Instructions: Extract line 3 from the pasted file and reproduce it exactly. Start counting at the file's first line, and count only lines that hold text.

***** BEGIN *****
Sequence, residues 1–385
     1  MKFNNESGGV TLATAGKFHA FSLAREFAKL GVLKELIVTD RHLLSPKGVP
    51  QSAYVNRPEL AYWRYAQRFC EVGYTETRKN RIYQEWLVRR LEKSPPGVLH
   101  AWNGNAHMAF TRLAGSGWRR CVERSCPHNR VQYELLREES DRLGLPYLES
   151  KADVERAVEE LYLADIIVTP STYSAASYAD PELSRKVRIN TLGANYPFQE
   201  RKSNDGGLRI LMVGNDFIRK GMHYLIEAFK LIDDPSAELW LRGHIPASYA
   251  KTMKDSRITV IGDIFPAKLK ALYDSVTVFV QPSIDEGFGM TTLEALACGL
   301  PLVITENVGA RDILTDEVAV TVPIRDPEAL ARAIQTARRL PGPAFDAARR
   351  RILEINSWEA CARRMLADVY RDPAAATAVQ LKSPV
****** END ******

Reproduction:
    51  QSAYVNRPEL AYWRYAQRFC EVGYTETRKN RIYQEWLVRR LEKSPPGVLH